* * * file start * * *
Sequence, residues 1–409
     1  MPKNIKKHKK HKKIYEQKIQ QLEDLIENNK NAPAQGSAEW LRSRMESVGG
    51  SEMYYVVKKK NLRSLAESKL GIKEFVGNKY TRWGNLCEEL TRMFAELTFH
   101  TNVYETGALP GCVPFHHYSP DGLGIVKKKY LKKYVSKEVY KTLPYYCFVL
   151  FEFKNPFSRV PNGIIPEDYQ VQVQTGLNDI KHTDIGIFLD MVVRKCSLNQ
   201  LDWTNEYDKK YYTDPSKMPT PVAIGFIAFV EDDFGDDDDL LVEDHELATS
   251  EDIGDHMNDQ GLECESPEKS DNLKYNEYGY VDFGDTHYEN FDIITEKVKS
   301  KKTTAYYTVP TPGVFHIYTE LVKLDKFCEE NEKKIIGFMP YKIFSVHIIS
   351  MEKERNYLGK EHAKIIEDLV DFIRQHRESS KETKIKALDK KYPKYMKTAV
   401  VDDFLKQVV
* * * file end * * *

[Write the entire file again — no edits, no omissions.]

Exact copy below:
Sequence, residues 1–409
     1  MPKNIKKHKK HKKIYEQKIQ QLEDLIENNK NAPAQGSAEW LRSRMESVGG
    51  SEMYYVVKKK NLRSLAESKL GIKEFVGNKY TRWGNLCEEL TRMFAELTFH
   101  TNVYETGALP GCVPFHHYSP DGLGIVKKKY LKKYVSKEVY KTLPYYCFVL
   151  FEFKNPFSRV PNGIIPEDYQ VQVQTGLNDI KHTDIGIFLD MVVRKCSLNQ
   201  LDWTNEYDKK YYTDPSKMPT PVAIGFIAFV EDDFGDDDDL LVEDHELATS
   251  EDIGDHMNDQ GLECESPEKS DNLKYNEYGY VDFGDTHYEN FDIITEKVKS
   301  KKTTAYYTVP TPGVFHIYTE LVKLDKFCEE NEKKIIGFMP YKIFSVHIIS
   351  MEKERNYLGK EHAKIIEDLV DFIRQHRESS KETKIKALDK KYPKYMKTAV
   401  VDDFLKQVV